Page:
Let’s Talk Rusty Iron

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From an ad in the Aug. 1, 1926, issue of Canada Lumberman.
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Logging tools manufactured by the Thomas Pink Company, Ltd., Pembroke, Ont. Note the two wooden-handled tools crossed in the center of the display. On the left is a cant hook, on the right, a peavey, and at the top, a pike pole. (Aug. 1, 1926, issue of Canada Lumberman magazine.)
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A great photo from the early 1920s of a steam-powered Frick sawmill owned by Harold Moomaw of Sugarcreek, Ohio. Just in front of the second man from the right can be seen the handle of a cant hook used to help roll uncut logs across ramps to the sawmill carriage, as well as to turn the logs on the carriage. On that carriage can be seen a squared log, or cant, about to be sawed into boards. (Catalog No. 72, published by the Frick Company of Waynesboro, Pa., circa 1923.)

How a blacksmith changed the logging industry

Given that logging was often winter work for
farmers, and since someone once asked me the difference between a
“cant hook” and a “peavey,” this seems like an appropriate time to
explore that question.

First, some official definitions from my dictionaries:

Cant: The word has many meanings, but one is:
“A square-edged timber, or a squared log.” Another: “To give a
sudden turn or new direction.”

Cant dog: “A peavey.”

Cant hook: “A wooden lever having a movable
iron hook near the end, and often a lipped iron ring round the tip.
It is used for turning logs.”

Peavey: “(After Joseph Peavey, the inventor.)
Lumbering: A stout lever having a hinged metal hook and armed with
a strong and sharp spike.”

The origin of the cant hook seems to be lost in the fog of
history, but more is known about the peavey, which was named after
its inventor, Joseph Peavey. The correct spelling of the word is
“peavey,” although the tool’s name has been spelled in different
ways. In its March 16, 1878 issue, The Lumberman’s Gazette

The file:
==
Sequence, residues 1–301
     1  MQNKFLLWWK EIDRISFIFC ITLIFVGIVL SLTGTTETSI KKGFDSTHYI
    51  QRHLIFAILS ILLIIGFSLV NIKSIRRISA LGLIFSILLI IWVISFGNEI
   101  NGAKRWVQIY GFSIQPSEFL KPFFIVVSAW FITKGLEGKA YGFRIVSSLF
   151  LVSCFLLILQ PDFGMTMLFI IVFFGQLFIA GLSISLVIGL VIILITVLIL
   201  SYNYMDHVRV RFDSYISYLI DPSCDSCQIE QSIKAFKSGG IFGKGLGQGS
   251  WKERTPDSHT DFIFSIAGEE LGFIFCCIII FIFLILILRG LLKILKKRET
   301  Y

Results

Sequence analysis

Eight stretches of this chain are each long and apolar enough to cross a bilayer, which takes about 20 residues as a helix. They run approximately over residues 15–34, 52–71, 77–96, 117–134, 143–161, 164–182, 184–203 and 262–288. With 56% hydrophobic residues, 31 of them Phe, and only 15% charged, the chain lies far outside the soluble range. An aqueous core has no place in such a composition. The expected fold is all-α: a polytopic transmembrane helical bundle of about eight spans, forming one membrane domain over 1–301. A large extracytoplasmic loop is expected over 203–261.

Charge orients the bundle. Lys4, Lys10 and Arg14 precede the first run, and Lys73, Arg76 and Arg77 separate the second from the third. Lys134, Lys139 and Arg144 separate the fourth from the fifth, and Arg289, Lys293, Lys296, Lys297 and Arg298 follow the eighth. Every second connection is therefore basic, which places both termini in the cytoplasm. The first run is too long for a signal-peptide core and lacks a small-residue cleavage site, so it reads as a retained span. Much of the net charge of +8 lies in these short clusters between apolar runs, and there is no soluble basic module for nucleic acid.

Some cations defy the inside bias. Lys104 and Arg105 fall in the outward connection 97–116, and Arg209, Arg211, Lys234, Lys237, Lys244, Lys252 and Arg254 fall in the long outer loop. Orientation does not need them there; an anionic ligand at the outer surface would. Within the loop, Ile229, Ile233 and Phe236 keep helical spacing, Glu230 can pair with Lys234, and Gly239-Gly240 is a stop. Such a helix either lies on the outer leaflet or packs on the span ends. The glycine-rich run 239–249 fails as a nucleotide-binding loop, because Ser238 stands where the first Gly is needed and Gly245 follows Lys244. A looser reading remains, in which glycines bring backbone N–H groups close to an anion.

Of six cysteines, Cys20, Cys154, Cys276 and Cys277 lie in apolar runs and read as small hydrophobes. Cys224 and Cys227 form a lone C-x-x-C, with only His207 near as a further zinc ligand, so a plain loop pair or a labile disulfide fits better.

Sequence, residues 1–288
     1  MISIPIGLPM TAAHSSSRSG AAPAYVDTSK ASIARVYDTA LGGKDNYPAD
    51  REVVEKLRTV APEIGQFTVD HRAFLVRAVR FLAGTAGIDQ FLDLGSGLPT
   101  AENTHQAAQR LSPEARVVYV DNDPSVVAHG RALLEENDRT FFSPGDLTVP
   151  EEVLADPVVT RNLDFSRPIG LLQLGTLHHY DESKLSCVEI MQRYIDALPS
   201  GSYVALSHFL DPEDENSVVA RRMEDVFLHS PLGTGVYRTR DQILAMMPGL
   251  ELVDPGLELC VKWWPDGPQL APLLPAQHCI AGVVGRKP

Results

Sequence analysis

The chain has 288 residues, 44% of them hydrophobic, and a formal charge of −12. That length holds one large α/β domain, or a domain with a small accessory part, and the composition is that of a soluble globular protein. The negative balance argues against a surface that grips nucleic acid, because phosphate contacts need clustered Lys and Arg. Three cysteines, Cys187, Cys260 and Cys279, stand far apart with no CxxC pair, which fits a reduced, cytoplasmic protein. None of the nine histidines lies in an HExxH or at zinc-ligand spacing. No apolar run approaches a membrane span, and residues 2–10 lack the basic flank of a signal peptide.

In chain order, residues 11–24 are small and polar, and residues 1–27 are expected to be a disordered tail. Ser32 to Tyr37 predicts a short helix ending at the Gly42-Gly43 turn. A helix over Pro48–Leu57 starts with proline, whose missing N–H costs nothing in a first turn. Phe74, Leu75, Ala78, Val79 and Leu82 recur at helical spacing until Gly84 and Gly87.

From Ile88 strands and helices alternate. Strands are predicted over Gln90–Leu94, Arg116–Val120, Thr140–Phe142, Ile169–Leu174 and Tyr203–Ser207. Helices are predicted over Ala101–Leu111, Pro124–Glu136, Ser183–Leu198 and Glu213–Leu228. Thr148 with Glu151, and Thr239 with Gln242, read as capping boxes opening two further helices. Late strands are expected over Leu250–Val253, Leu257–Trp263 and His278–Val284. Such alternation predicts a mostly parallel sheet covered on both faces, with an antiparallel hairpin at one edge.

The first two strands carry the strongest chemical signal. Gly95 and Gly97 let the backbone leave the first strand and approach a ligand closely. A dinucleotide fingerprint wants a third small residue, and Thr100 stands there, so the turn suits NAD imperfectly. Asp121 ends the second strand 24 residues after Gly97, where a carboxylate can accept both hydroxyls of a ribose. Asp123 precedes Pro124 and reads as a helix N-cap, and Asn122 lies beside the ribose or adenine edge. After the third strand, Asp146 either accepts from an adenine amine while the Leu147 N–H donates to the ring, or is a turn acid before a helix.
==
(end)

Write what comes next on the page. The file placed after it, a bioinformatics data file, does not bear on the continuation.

called it a “pevy,” while a 1907 story spelled it “pivie.” In a
story in Scribner’s Magazine in June 1893, the author
refers to a ” … banking-ground (that) swarms with men armed with
pevies (which are cant hooks furnished with strong spikes in the
end).”

Lumbering has been big business in Maine since the time of the
earliest colonists. Many British men-o-war, and later, hundreds of
American ships, carried masts fashioned from the tall, straight fir
trees that filled Maine’s forests. The trees were felled and the
branches stripped with axes. The resulting logs were dragged to the
banks of rivers such as the Penobscot or the Kennebec. These famous
rivers served as “highways” for floating logs to sawmills and
shipyards downstream, with the Penobscot at one time called “the
river of logs.” The intrepid men who rode those huge, bucking and
rolling masses of logs were known as “river drivers,” and their
task was to keep the logs moving and prevent them from jamming.

Being a river driver was hard work. Although it was undoubtedly
exciting work, river drivers required strength, agility and luck to
stay alive. Until the middle of the nineteenth century, the tool
the river drivers used was called a “swing dog” or “swing dingle.”
The swing dog was a pole with a loose ring, to which was attached a
hook (or “dog”). The dog could move up, down or sideways, but
couldn’t be relied upon to always get a good grip on a log.

Joseph Peavey was born in 1799, and became a blacksmith in Upper
Stillwater, in the heart of the booming logging industry along the
Penobscot River north of Bangor. One day in 1858, a log drive
became hung up on the river. From an overhead bridge, Joseph Peavey